5 Develops Core Strength, Decreases Back Pain
In almost every single pose in yoga, the core is active, and with constant reminders by the instructor to pull the belly in and keep the spine neutral, it is an excellent way to strengthen a key part of the human body. When we are sedentary, we lose the alignment of our body that is crucial to spinal health. Yoga helps to realign the spine, increase the strength of our abdominal muscles, and dissipate the stress on the spine that comes from a weak core.
4 Improves Mental Clarity and Health
Regular sleep alone can help increase mental clarity and health, and yoga helps to develop normal sleep patterns while also decreasing stress levels and raising self-esteem. As we age, often we are made to feel like we must stay young and do everything we can to fight the clock. By doing yoga, we experience an attunement to our body that goes beyond simply “shaping” it and burning fat. We are shown how to really listen to the signals of our body, riding on higher energy and feeling more independent and respectful of our abilities, while appreciating ourselves for taking care of our body.
3 Increases Heart Health
Yoga helps to increase systolic stroke volume and decrease cholesterol levels, appetite, fat mass, and resting heart rate. It also normalizes blood pressure. All of these things happen to directly affect the health of the heart, an organ that is absolutely crucial to keep healthy in order to live a long, healthy life.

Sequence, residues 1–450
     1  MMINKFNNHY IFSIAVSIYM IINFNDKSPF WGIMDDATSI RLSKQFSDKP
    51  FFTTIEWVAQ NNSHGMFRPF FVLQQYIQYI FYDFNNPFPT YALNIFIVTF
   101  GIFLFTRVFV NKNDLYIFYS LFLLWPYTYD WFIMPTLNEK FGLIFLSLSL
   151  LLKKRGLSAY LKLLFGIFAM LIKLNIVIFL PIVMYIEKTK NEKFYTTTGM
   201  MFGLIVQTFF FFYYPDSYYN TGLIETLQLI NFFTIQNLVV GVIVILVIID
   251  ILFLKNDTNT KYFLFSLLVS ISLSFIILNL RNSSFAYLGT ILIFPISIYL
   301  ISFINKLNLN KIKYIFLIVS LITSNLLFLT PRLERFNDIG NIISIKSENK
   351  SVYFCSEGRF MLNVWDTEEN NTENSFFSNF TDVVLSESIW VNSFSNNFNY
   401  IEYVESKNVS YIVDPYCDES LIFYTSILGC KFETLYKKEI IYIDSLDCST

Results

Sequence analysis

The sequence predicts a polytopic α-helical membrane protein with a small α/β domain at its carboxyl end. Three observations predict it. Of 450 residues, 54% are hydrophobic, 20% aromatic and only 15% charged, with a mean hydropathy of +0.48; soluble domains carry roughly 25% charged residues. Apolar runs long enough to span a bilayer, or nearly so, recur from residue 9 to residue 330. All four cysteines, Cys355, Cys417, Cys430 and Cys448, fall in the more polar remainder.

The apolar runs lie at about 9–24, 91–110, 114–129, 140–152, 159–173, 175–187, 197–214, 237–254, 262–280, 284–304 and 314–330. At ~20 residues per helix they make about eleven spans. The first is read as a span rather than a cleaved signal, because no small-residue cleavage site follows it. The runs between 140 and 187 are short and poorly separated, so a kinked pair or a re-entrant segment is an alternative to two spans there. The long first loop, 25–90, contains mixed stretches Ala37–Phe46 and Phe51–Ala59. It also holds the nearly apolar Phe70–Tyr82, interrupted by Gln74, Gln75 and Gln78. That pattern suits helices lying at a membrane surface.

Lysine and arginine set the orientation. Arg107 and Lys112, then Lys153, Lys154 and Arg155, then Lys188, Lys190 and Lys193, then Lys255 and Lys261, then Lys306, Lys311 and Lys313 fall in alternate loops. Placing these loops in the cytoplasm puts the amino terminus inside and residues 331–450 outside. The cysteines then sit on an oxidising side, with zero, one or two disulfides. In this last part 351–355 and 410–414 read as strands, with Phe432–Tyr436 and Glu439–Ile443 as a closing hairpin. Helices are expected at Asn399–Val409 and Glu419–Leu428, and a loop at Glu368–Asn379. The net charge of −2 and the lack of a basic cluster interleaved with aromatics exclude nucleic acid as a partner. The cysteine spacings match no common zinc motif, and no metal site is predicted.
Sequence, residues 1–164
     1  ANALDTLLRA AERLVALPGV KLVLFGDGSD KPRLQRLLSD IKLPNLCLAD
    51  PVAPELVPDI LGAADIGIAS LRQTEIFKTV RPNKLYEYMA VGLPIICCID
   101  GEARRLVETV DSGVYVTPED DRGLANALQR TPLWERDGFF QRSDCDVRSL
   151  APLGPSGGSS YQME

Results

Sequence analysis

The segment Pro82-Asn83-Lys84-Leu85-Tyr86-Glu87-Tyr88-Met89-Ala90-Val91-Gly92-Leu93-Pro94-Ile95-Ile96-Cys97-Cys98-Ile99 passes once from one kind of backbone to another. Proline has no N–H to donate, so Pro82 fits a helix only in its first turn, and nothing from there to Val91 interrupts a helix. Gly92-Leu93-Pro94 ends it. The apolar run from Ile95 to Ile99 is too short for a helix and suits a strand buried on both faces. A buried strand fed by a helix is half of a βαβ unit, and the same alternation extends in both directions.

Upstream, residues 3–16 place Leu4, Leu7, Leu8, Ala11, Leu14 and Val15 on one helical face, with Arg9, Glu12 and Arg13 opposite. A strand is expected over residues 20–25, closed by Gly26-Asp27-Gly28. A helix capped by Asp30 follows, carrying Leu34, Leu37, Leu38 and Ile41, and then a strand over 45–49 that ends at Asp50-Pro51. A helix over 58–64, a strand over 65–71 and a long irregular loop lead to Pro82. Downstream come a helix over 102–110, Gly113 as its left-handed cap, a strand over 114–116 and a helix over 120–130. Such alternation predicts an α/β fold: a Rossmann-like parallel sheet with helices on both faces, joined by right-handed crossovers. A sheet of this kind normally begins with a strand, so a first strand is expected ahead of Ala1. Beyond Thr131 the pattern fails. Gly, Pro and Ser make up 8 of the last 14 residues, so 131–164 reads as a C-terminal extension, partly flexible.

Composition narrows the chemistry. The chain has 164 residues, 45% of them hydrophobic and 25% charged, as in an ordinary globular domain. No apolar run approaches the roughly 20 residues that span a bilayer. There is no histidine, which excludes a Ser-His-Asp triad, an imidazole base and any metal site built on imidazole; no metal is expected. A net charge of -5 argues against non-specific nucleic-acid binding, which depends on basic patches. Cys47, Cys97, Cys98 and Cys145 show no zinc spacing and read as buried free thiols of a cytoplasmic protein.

2 Muscle Mass Remains or Increases
Aging brings on muscle mass deterioration as the hormones shift and become less active in muscle preservation and growth. At Tufts University, a study involving 87- through 96-year-old seniors in a weight lifting program revealed a 300-percent increase in muscle tone. This returned to them the ability to be independent and able, something that cannot go underestimated in the senior population. Yoga utilizes the whole body and strengthens all muscle groups during a well-rounded session.
1 It’s Gentle on the Joints
Yoga is a great way to get your heart rate up while staying low-impact, meaning that it won’t stress the joints. The individual has full control over the degree to which he or she would like to stretch and at what pace. As you age, you tend to become more in tune with the pain sensations, so you’ll be more likely to take it easy in the flow and poses, while not feeling self-conscious for doing so considering yoga is a non-competitive, very accepting exercise.